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sticking place

Also called sticking point. the place or point at which something stops and holds firm.
the place in the lower part of an animal's neck where the knife is thrust in slaughtering.
Origin of sticking place
1570-80 Unabridged
Based on the Random House Dictionary, © Random House, Inc. 2015.
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Examples from the Web for sticking-place
Historical Examples
  • But after a few minutes he screwed his "courage to the sticking-place," and went up to her.

    Moth and Rust Mary Cholmondeley
  • Evidently, he was endeavouring to screw his courage to the sticking-place.

    Mated from the Morgue John Augustus O'Shea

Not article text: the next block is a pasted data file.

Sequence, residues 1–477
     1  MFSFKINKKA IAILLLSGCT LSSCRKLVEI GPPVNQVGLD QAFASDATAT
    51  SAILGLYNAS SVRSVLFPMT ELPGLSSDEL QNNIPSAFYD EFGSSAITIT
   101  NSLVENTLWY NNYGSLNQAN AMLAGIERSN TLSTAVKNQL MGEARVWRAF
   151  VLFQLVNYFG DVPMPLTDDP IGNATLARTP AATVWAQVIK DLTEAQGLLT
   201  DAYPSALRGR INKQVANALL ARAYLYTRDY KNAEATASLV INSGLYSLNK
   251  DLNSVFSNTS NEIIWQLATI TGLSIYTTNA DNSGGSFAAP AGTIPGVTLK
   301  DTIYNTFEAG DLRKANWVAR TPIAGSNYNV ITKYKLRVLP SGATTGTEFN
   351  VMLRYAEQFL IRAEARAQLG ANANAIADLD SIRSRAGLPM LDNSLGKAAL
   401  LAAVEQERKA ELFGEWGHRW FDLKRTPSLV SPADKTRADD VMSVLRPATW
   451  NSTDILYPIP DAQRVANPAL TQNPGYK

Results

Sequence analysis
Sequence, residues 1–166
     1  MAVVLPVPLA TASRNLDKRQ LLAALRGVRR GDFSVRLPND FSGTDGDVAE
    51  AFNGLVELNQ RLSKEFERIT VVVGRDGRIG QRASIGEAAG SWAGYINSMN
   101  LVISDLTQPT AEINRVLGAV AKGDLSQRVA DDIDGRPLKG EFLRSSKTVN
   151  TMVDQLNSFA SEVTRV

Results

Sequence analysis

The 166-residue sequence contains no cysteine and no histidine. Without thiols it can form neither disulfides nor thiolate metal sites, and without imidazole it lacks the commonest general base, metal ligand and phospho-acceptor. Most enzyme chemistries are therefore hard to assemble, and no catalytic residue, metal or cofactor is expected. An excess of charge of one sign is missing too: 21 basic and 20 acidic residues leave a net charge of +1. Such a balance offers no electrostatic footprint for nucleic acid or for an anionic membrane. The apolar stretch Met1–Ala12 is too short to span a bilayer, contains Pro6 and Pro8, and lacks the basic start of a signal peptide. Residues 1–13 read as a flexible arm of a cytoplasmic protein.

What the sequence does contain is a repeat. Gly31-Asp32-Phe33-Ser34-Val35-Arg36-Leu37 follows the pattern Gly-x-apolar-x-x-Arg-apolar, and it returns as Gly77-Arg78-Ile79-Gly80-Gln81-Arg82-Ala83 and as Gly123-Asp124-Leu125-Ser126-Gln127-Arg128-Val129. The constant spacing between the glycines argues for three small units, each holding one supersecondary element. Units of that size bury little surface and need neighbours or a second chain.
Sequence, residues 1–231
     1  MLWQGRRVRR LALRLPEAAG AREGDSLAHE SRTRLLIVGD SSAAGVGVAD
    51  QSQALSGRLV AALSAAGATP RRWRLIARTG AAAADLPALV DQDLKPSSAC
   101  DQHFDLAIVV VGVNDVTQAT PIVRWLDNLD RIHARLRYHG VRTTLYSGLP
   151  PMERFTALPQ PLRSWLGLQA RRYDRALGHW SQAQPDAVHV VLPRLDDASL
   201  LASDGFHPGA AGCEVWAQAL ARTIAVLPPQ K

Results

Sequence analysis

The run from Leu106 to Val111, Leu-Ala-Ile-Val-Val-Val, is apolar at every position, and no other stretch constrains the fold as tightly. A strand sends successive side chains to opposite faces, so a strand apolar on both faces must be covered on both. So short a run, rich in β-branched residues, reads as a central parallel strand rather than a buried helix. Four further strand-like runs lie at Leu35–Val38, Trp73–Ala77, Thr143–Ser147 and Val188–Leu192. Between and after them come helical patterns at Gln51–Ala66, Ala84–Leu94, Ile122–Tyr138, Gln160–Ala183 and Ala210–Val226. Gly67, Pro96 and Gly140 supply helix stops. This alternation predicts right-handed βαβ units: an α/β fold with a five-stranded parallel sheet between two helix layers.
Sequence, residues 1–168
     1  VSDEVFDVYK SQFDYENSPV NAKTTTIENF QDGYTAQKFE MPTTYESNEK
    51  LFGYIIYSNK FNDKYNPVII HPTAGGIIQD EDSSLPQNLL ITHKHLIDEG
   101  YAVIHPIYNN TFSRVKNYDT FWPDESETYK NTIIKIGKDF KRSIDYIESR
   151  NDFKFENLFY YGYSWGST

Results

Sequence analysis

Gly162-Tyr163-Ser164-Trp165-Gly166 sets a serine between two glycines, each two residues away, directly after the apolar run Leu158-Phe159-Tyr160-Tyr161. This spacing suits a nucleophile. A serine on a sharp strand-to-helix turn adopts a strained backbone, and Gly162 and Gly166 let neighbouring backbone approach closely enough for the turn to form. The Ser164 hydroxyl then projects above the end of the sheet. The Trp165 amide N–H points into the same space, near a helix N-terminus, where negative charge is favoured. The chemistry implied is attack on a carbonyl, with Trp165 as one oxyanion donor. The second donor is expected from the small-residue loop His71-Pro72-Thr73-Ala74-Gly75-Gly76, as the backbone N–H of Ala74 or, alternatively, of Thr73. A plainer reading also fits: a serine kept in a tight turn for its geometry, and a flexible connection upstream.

• At the appointed hour next morning, the young man, screwing up his courage to the sticking-place, knocked at the door of Oaklands.

    Crestlands Mary Addams Bayne
  • Macbeth “screwed his courage up to the sticking-place” indeed, and then and there was the end of the life of Duncan.

    ZigZag Journeys in Northern Lands; Hezekiah Butterworth
  • Screw your courage to the sticking-place, / And we'll not fail.

  • But as he again approached with courage screwed to the sticking-place, a spruce hansom dashed up before him.

    The Argosy Various
  • She taunted him as being a coward, and told him to “screw his courage up to the sticking-place, and he would not fail.”

    ZigZag Journeys in Northern Lands; Hezekiah Butterworth
  • If he had ever wished to hang himself, he never could succeed in screwing his courage up to the sticking-place.

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